The cacao bean is what chocolate is made from, and eating the crushed, raw bean tastes like nutty, dark chocolate. Sunfood's (who makes awesome cacao) website says this: "This is original, unprocessed dark chocolate from the mineral rich rain forest of Ecuador. Experience chocolate in its pure, raw form. Raw Chocolate is a great source of: Magnesium, Iron, & Vitamin C, 20 times more antioxidants than red wine, and 30 times more than green tea. Processing, cooking and roasting corrupt the complex nutrition of the cacao bean."

So, basically, raw chocolate is very nutritious, but when it is processed into a bar, the further away from its natural state it gets, the more nutrition is lost (dark chocolate is the best to eat, then milk, then white- which has no cacao nutrition left).

Let's break down the raw cacao nutritional information (Sunfood brand has the most iron, perhaps due to the way it's grown or processed) and compare it to beef (raw ground)-each 1 ounce:
*Chart is for Sunfood brand cacao.

The antioxidants alone in raw chocolate:

-Decrease blood pressure
-Improve circulation
-Promote cardiovascular functions and help fight heart disease
-Improve function of endothelial cells that line the circulatory system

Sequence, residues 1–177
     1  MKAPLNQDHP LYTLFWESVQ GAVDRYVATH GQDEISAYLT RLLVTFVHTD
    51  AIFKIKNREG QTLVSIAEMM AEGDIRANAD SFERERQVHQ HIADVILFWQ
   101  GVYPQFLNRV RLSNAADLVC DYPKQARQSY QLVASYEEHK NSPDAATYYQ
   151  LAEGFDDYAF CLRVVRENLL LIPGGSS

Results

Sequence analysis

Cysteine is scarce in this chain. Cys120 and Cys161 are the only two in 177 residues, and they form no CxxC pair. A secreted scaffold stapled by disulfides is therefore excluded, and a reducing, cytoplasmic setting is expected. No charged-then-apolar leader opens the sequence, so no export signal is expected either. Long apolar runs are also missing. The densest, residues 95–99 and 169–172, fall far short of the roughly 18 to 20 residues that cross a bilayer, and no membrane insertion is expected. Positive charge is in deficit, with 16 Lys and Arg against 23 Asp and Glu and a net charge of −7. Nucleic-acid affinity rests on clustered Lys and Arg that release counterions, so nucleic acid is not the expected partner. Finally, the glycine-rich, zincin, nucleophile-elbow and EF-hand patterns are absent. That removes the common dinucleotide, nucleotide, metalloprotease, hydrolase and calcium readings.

-Provide protection from free radicals, which may trigger cancer, heart disease and stroke
-Improve digestion

It's an excellent source of magnesium, which helps relax nerves and muscles, builds and strengthens bones and keeps blood circulating smoothly. According to several sources, magnesium is the most deficient major mineral in the American diet with over 80 percent of Americans deficient in magnesium. The body does not produce magnesium, so it must be supplied by one’s diet.

Raw chocolate contains many chemicals that may enhance physical and mental well-being. This includes alkaloids, proteins, beta-carotene, leucine, linoleic acid, lipase, lysine, and some neurotransmitters such as dopamine and anandamide (the so-called "bliss" chemical.) It also contains theobromine, which has an effect similar to caffeine.

These chemicals:

-Increase Energy. Theobromine stimulates the central nervous system, relaxes smooth muscles and dilates blood vessels. Theobromine has about a quarter of the stimulating power of caffeine.
-Improve Mood. A key element found in cacao helps serotonin and other neurotransmitters (dopamine, anandamide) to circulate longer in the brain. Monoamine oxidase enzyme inhibitors (MAO inhibitors), a naturally occurring compound, help keep dopamine and anandamide available to the body.
-Anandamide, the so-called “bliss” chemical, is released when we’re feeling great. The anandamide in cacao helps this brain chemical stay longer in our system and contributes to improve moods.
-PEA (Phenylethylamine) is found in cacao beans. It may help lift depression. It is a member of group of plant-based stimulants called methylxanthines. (Caffeine is the most familiar methylxanthine.)
-Diminishes Appetite. Several studies suggest that cacao seems to diminish appetites. This is probably due to the monoamine oxidase enzyme inhibitors (MAO inhibitors) found in cacao.